How The Soviets Recruited Ernest Hemingway

“Why did Soviets focus on Hemingway? He first caught their attention in 1935 by writing for the far left American journal New Masses. His article was an angry denunciation of the U.S. establishment for leaving a large group of veterans, at work on government relief, to die in the path of a hurricane that struck the Florida Keys that year. Then, during the Spanish civil war, he came into contact with Comintern agents, Soviet spies, and communist guerrillas. They intrigued and captivated him, all the more so because they were fighting for a cause that had ignited his passion

The post Win the moment: Leadership lessons from the football field appeared first on Deloitte Blogs.

… Read Me, I’m Irish: 24 Books by Irish-American Poets : The Booklist Reader

7 questions to guide your voice as a writer

 Dublin: A Portrait (Harper & Row, 1967), an oversize album of photos by Evelyn Hofer, with text by V.S. Pritchett ... Hofer remains, as photographers should, out of her pictures. Her interest is the real, not the self. Note  Vrbov cemetery like photo “Gravediggers, Glasnevin.” Czech sic out  Joyce’s death mask.

In most such books, the text is an afterthought, filler, but Pritchett’s prose rivals Hofer’s photos for memorability. Here he welcomes you to the book:

“Dublin as it is; Dublin as it was. I must declare my interest. It is very personal. If I were to write an account of my education the city of Dublin would have to appear as one of my schoolmasters, a shabby, taunting, careless, half-laughing, reactionary.”

Publishers Are Newly Buoyant As London Book Fair Opens

“While it was too early to tell at this year’s book fair, more than one publisher was whistling a happy tune as they entered the Olympia exhibition centre on Tuesday. With print books having a higher average price point than ebooks, and with a weaker pound benefitting exporters – German publishers in particular bought big this year – the mood among the hundreds of publishers was optimistic.”

… Paul Davis On Crime: How The Soviets Once Recruited Ernest Hemingway To be A Spy

Crazy at the wheel: psychopathic CEOs are rife in Silicon Valley, experts say

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Complacency and cheeseburgers.  “Cowen is optimistic in general, but not necessarily for you.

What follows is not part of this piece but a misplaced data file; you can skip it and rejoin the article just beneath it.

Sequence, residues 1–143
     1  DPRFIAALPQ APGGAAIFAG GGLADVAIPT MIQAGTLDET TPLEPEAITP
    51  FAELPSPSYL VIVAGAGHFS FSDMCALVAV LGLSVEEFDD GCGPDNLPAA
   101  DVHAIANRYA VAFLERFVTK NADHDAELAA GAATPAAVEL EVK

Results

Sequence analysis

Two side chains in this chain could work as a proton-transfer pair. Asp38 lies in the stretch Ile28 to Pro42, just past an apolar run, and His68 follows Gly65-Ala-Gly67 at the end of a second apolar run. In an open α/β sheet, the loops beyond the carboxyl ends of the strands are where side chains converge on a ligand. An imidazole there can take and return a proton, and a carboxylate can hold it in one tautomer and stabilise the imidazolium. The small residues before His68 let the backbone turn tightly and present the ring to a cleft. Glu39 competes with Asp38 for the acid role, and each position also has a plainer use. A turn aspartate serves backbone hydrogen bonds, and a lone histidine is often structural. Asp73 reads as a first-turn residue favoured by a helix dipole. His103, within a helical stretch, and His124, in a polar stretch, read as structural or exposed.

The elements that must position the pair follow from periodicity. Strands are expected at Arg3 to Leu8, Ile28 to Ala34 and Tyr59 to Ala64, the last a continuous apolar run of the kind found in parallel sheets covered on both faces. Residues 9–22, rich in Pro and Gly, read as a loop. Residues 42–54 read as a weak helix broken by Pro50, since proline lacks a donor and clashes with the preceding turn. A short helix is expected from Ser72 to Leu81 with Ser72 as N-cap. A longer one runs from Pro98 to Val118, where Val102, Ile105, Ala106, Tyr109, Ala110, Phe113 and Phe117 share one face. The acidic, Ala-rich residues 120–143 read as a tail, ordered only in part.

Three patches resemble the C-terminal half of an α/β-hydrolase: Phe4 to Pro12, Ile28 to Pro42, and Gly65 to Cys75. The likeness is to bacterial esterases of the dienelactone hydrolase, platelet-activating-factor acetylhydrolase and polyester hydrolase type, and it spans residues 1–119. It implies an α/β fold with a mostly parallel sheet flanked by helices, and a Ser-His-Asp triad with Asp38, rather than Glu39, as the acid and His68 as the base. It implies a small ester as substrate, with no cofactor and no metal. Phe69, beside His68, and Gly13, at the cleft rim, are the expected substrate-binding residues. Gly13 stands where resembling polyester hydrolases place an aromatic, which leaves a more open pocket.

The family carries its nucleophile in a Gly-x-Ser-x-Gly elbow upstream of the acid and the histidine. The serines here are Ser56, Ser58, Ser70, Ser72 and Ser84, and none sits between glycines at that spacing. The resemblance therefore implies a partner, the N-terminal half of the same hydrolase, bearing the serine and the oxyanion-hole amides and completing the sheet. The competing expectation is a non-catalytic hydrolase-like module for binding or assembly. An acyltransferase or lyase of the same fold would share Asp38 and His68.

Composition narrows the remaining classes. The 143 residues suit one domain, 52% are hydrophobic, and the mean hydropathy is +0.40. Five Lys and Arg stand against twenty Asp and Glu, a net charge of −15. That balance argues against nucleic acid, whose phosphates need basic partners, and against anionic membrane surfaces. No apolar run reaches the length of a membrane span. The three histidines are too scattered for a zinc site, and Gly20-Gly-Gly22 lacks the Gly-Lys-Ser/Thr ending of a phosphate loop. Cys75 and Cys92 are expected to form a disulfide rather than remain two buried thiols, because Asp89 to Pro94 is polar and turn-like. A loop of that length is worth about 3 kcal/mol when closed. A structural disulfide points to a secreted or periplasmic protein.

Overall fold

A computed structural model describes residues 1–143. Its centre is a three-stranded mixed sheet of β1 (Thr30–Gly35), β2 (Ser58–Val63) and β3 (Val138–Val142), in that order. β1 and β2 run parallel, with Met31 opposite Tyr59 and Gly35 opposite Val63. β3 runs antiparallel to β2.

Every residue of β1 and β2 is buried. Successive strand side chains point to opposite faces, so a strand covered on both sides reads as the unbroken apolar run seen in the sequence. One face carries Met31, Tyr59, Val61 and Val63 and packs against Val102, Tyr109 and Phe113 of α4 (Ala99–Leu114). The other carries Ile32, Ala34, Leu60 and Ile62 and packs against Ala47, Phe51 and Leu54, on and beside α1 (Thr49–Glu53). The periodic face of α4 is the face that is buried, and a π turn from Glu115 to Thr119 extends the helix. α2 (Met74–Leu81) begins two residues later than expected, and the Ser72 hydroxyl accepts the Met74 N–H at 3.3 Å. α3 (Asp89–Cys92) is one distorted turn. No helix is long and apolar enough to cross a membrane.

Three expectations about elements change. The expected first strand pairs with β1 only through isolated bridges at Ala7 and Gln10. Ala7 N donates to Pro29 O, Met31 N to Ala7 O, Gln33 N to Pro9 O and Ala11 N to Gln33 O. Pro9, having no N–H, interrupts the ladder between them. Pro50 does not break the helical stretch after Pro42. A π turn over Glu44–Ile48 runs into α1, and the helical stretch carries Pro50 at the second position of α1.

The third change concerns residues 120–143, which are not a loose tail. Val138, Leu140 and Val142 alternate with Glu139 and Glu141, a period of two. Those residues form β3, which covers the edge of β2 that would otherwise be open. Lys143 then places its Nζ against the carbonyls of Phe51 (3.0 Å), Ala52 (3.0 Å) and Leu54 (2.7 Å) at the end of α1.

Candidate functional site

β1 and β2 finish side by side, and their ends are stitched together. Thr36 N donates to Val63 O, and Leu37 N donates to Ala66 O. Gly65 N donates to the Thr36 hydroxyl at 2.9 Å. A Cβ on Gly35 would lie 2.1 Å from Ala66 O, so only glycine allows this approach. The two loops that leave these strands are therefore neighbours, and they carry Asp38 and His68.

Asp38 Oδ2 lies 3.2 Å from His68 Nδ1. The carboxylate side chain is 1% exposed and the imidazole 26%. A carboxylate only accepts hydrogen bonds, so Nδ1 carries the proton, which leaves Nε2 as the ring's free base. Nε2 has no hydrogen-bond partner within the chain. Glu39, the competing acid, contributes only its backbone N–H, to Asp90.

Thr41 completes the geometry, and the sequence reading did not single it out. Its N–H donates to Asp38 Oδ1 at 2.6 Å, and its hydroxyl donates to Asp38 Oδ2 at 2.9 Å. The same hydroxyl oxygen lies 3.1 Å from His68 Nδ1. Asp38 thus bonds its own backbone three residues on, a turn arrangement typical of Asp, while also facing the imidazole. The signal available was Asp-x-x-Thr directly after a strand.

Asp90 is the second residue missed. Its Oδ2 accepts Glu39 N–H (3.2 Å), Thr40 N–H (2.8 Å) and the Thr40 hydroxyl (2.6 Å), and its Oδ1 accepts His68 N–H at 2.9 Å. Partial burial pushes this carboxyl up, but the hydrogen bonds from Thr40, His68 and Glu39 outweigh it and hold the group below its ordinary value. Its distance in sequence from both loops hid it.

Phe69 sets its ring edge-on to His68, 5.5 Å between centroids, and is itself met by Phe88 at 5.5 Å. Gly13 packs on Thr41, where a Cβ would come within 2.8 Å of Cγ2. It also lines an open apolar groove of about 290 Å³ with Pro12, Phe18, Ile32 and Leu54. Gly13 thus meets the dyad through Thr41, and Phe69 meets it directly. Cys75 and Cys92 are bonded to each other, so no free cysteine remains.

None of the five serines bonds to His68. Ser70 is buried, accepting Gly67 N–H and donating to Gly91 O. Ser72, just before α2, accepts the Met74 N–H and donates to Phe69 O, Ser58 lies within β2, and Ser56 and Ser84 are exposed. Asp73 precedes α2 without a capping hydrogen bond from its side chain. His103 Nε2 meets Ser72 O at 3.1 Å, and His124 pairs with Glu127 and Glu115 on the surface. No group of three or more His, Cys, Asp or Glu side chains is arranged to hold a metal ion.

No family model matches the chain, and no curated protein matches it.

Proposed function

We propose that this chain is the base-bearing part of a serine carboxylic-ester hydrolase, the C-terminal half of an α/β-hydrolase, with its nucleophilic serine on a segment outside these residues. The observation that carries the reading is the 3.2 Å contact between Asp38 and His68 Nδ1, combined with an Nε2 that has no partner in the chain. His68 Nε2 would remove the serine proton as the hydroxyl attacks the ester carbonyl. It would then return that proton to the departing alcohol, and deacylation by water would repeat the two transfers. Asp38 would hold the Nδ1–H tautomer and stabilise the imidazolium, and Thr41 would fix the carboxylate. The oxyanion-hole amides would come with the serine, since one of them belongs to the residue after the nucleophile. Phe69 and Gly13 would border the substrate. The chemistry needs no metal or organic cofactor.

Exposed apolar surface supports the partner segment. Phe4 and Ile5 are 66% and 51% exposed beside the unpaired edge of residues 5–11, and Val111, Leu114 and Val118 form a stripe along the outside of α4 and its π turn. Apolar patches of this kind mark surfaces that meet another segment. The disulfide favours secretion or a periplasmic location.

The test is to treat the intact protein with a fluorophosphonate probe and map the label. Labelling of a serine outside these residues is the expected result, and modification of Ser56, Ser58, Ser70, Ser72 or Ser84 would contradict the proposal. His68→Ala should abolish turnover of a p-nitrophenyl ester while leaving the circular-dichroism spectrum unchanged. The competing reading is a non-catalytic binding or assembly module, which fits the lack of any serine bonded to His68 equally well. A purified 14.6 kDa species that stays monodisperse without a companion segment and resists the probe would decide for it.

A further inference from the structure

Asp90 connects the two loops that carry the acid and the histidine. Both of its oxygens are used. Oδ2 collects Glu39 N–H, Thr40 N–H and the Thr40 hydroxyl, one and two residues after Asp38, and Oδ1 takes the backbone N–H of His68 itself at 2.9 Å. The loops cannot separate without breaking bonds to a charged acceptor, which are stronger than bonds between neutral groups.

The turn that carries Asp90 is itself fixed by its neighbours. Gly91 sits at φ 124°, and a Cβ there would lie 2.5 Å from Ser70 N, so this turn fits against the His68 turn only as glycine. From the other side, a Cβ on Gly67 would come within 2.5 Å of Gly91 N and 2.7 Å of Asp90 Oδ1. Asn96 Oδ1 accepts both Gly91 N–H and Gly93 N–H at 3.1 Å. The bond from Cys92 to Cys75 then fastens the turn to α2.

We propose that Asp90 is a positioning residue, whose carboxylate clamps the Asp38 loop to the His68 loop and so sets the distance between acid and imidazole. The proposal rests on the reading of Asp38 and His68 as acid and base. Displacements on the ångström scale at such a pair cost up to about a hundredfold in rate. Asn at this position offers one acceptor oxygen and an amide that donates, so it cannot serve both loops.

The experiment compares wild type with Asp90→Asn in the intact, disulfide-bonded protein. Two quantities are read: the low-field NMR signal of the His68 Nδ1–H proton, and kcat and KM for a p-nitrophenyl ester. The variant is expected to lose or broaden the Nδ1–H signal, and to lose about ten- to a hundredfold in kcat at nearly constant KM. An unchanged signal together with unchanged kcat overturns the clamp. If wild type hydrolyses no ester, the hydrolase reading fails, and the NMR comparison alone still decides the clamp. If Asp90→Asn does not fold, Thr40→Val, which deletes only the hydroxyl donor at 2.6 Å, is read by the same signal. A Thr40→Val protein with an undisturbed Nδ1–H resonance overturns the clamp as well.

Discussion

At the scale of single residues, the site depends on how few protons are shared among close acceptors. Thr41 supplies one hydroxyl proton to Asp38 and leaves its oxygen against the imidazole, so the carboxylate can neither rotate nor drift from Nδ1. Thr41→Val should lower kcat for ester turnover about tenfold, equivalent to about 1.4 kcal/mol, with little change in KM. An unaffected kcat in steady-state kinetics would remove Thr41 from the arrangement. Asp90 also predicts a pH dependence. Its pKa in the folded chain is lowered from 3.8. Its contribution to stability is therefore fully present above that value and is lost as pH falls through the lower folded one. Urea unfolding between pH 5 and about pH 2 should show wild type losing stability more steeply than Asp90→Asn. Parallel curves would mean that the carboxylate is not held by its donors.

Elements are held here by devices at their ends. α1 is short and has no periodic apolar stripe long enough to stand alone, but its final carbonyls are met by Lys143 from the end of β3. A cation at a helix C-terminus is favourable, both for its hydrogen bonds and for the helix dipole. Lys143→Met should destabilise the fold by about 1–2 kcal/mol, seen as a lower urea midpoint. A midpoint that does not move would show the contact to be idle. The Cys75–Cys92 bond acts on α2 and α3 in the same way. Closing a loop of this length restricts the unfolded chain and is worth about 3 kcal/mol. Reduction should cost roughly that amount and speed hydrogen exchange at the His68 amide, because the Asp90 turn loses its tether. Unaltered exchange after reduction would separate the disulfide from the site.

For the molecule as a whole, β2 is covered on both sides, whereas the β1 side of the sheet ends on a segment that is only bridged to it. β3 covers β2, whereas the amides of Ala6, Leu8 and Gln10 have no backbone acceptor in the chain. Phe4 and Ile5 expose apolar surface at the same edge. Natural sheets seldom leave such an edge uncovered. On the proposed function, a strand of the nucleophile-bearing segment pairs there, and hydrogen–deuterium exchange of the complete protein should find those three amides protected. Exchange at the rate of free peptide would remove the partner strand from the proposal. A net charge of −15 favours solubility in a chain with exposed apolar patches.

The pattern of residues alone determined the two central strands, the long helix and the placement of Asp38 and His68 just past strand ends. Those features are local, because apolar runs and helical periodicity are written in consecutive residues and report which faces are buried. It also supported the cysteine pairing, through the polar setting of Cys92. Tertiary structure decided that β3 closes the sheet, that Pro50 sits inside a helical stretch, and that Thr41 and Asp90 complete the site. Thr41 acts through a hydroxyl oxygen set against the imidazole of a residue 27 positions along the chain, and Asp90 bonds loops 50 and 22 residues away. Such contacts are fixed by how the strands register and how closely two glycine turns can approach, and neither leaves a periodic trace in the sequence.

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Principles are good and worth the effort only when they develop into deeds,” Van Gogh wrote to his brother in a beautiful letter about talking vs. doing and the human pursuit of greatness“The great doesn’t happen through impulse alone, and is a succession of little things that are brought together.” But what stands between the impulse for greatness and the doing of the “little things” out of which success is woven?

When Barthes’s mother died, he fixated on a photo of her as a young girl. Why aremundane objects — a photo, a grocery list — so often central to grief ...  

How writing a Pulitzer Prize-winning story is like eating a big slice of pizza

“For every poet, it is always morning in the world ... History a forgotten, insomniac night; History and elemental awe are always our early beginning, because the fate of poetry is to fall in love with the world, in spite of History.”

"The Sage of Yale Law: Anthony Kronman was a university dean. Now he's a 'born-again pagan' who thinks he might have discovered the meaning of life."Joshua Rothman has this post online today at The New Yorker

 U.S.-Style Homeland Security: Back on Australia’s Agenda?

A US ally shot down a $200 drone with a $3 million Patriot missileVerge Reported previously but worth not missing.

Here are the ages you peak at everything throughout lifeScienceAlert (Chuck L). Simpleminded absolute pronouncements like these, particularly based on junk evidence, are a pet peeve: “Some are also surveys, not controlled trials, so there is a possibility the self-reports don’t capture the most accurate picture.” And that’s before you get to sample bias! So forgive my rant. My personal experience regarding bone density and peak strength differs markedly from their proclamations, and I suspect that would be true for other people who weight train hard and regularly.”Finding a partner” is weird too, since people used to marry much younger on average (being single at 25 was way past your sell-by date in the 1950s). So are we to believe all these past marriages were less successful by virtue of bad social conventions forcing people to get married younger than the ideal time range? No, because if you read the underlying piece, it assumes options remain open past age 26 when they didn’t back then. As my mother depicts her college years, dating was a bigger priority then than now for both sexes. Similarly, “life satisfaction peaks at 23” is based on a German survey. Germany has way better social safety nets that the US. The “normal” pattern likely has to do with getting independent as an adult and having a sense of possibilities before you. That isn’t the case with young Americans these days outside the elites. I bet you’d find a very different result if you surveyed a decent sample of Americans.

 NSA staff used spy tools on spouses, ex-lovers: watchdog.

Mevlut Cavusoglu, Turkey’s foreign minister, did not welcome the victory for Prime Minister Mark Rutte’s centre-right People’s Party for Freedom and Democracy (VVD).
“Now the election is over in the Netherlands…when you look at the many parties you see there is no difference between the social democrats and fascist Wilders,” he said according to a translation by Hurriyet.
“All have the same mentality. Where will you go? Where are you taking Europe? You have begun to collapse Europe. You are dragging Europe into the abyss. Holy wars will soon begin in Europe.”
THE RETURN OF THE TURK? Turkish minister claims ‘holy wars will soon begin in Europe’ after Geert Wilders beaten

Don't be a jerk who disserves your client; understand how juries will view your case to win more (and have more fun).